It is a common thing for wealthy Britons to describe the characteristics of their dream home by referring to a particular architectural era. Some say that they want their homes to be of Victorian style with bay windows, patterned brickwork and cornicing while may others say that they want a Georgian style home with sharp and symmetrical lines augmenting neoclassical stylings. There are many others who have a great liking for the residential architectural design of the Edwardian period or a notable preference for styles prevailing in the modern age.
At present, Georgian is the most highly regarded architectural period in UK as per the information collected by estate agents. During this era, town planning was given a boost of refinement that included elegant terraces and squares with frequent incorporation of such features as a pediment in centre and jutting end bays that are typical of a country house. The other primary features included tall windows, front doors with fanlights above them, rooms proportioned geometrically and symmetrical facades.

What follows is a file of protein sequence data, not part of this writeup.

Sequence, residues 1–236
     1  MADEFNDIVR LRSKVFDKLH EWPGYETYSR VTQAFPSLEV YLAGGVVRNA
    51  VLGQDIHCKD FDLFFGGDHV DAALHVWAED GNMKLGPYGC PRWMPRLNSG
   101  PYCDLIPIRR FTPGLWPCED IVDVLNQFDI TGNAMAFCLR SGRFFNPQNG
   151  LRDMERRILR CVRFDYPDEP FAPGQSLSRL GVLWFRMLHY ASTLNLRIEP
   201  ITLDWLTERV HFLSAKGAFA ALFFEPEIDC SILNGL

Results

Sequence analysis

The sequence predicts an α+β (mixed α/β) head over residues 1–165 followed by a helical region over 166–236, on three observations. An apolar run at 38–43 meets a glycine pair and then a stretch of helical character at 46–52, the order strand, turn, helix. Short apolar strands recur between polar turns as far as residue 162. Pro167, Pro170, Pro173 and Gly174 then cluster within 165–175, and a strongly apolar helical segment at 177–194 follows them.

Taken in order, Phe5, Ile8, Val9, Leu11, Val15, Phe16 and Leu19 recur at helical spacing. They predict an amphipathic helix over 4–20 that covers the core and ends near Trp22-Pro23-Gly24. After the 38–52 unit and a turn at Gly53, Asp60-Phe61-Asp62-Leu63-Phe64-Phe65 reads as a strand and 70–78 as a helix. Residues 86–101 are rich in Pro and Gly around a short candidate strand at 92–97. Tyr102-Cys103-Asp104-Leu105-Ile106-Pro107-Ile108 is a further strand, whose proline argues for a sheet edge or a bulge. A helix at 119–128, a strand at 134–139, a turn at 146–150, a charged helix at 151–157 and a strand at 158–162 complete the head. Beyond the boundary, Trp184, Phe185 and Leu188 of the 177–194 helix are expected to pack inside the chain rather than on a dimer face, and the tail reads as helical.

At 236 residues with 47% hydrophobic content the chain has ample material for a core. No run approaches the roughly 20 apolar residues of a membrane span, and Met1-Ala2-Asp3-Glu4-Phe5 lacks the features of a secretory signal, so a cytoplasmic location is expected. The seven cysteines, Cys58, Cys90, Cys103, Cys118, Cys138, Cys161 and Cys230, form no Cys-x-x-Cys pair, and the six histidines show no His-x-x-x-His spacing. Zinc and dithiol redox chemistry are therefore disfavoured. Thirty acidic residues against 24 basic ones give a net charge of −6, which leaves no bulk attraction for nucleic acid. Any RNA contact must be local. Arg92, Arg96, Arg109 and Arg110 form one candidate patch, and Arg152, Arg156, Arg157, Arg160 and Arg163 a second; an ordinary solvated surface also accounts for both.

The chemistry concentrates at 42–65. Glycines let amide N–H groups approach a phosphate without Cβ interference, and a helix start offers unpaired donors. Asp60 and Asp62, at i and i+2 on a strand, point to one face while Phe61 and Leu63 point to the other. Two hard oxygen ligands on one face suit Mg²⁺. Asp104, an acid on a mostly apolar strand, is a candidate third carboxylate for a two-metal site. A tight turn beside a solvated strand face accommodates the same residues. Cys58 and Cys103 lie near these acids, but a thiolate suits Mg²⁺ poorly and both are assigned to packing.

The Victorian style is a staple among people living in the urban areas of Britain. However the architectural designs and features typical of this era did not enjoy a prominent place in the list of favourites of Britons for a long time after the Second World War. As described by William Blake in his works, people used to compare Victoriana with slums and ‘dark satanic mills’. However, efforts made by the Victorian Society of Sir John Betjeman and Nikolaus Pevsner in 1958 helped to prevent the glory of Victorian structures from getting consumed by oblivion. The aesthetic charms of this period have once again become a favourite of Britons.
The Edwardian era was simply an age of transition for the realm of architecture. The styles changed significantly and adopted a wide range of new features like bay windows, detailed decoration, rectangular grids and one-sided front door. The houses were greatly similar to one another due to the reason that they were constructed using standardised materials.
This period dawned sometime around the 1930s when people started to move away from urban slums and suburban development introduced a new style borrowed from the Arts and Crafts movement. In order to make houses more affordable, a variety of innovative and modern design elements were adopted. The houses now exhibited bay windows, timber beams of mock Tudor, steeply raised roofs, tall chimneys, panels of stained glass, garden in front or back and attached garage.